Could better HVAC increase the range of e-cars?

Could better HVAC increase the range of e-cars?

Battery-electric vehicles have a temperature problem: In wintertime, the battery performance already suffers from low temperatures. And then its energy should be wasted to heat the car? The JOSPEL research projects is exploring ways to reduce the energy consumed by HVAC systems. The goal is ambitious: 50% savings.
By eeNews Europe


The aim of the JOSPEL project is to develop an efficient, electrical climate control system using an integrated approach that combines the application of the Joule and Peltier effects; efficient insulation of the vehicle interior; energy recovery from heat zones; increased battery life as a side effect of thermal management; reduced battery energy consumption via the integration of Peltier cooling; innovative automated and eco-driving strategies; and the electronic control of power flows.

Joule heating refers to the conversion of the energy of an electric current into heat as it flows through a resistance – in many cases this effect is unwanted since it reduces the energy efficiency of the respective device with heating being more or less the only exception. The Peltier effect is the presence of heating or cooling at an electrified junction of two different conductors.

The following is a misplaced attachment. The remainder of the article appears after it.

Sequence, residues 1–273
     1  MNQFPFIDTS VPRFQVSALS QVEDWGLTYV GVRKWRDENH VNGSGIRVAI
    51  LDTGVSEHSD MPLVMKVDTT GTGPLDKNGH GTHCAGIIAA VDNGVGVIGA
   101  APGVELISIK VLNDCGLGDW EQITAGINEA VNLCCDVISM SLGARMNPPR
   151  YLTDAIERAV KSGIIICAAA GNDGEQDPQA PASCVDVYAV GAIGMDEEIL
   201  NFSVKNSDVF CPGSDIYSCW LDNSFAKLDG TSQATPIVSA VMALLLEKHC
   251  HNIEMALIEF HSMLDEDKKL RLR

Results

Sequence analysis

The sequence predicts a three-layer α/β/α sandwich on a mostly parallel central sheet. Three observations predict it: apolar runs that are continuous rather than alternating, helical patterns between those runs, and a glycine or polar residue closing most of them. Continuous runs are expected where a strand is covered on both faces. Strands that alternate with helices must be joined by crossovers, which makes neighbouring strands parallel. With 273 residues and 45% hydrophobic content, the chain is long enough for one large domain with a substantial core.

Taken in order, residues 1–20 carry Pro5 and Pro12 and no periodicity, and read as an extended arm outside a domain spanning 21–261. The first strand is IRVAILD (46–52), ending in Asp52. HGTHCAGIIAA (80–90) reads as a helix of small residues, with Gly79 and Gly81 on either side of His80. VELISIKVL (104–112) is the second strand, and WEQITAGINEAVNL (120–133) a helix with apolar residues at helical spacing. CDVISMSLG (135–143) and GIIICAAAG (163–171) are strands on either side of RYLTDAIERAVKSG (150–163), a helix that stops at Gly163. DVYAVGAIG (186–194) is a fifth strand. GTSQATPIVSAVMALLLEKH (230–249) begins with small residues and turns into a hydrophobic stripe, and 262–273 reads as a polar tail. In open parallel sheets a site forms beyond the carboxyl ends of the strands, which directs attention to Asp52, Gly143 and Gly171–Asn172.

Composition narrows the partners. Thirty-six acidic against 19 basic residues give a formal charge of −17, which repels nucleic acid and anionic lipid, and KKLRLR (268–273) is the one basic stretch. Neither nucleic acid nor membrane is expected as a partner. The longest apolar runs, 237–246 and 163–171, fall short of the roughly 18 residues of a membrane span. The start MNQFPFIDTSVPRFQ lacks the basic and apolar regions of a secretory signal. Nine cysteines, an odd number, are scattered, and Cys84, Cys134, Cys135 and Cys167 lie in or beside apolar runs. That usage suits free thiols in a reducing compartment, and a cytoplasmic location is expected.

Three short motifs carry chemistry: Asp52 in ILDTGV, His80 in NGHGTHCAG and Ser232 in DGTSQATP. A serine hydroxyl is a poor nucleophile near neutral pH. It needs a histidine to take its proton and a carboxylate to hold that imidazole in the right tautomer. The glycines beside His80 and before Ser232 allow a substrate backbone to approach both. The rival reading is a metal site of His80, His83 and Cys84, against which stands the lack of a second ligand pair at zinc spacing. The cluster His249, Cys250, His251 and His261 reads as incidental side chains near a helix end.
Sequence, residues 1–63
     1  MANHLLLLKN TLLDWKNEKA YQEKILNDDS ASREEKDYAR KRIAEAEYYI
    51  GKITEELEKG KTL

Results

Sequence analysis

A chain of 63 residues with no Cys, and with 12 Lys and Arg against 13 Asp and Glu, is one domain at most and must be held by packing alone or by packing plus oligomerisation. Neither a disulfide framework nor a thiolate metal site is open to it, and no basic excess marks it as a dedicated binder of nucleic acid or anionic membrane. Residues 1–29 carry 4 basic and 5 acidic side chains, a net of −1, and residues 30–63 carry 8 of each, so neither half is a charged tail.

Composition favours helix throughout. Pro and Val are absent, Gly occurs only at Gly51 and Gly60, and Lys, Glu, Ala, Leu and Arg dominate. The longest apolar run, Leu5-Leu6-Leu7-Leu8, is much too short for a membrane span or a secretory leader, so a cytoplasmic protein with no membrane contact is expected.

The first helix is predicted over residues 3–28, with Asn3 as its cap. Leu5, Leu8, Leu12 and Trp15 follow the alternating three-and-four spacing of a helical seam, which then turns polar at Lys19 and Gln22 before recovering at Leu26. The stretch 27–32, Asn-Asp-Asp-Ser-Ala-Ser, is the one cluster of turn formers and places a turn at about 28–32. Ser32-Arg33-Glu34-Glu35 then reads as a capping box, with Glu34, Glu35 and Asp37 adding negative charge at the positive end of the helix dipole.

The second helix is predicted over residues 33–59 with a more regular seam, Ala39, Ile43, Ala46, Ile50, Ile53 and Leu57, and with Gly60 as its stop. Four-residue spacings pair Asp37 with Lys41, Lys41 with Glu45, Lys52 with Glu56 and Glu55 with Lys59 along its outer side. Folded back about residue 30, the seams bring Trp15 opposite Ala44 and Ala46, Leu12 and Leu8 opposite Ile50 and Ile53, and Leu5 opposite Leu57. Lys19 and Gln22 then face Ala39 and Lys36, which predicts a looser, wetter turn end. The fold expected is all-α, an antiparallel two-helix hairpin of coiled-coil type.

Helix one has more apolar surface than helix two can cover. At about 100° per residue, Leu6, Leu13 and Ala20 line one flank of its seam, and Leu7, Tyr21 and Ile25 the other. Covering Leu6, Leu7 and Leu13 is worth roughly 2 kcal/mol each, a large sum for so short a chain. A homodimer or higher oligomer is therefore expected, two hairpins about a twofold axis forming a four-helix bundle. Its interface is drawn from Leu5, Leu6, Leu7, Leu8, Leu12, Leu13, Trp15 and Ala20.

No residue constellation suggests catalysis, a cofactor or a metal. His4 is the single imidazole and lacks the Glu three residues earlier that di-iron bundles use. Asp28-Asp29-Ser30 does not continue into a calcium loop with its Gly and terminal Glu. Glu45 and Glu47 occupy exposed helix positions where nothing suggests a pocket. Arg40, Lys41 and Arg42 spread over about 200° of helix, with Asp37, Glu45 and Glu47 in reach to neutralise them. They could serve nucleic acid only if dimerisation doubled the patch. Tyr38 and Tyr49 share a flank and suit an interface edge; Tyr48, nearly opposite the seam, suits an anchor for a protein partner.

The main objective of the JOSPEL project is the reduction of at least 50% of energy used for passenger comfort (<1,250 W) and at least 30% for component cooling in extreme conditions compared to electric vehicles currently on the market.

Besides improving on the heating/cooling technology through thermoelectric technology and effects, JOSPEL will also enhance the energy and battery efficiency through various other solutions, such as improving on the insulation via innovative glazing designs, reducing the energy needed to defrost and so on.

Industry and research partners from the involved companies and organisations from Spain, Croatia, Italy, United Kingdom, Luxembourg, France, Portugal, Denmark and Germany recently met in Valencia to align expectations and aims of the project. It is coordinated by plastics research institute AIMPLAS (Paternas, Spain). The European Union funds the project within its Horizon 2020 programme with €6.7 million (about $7.5 million)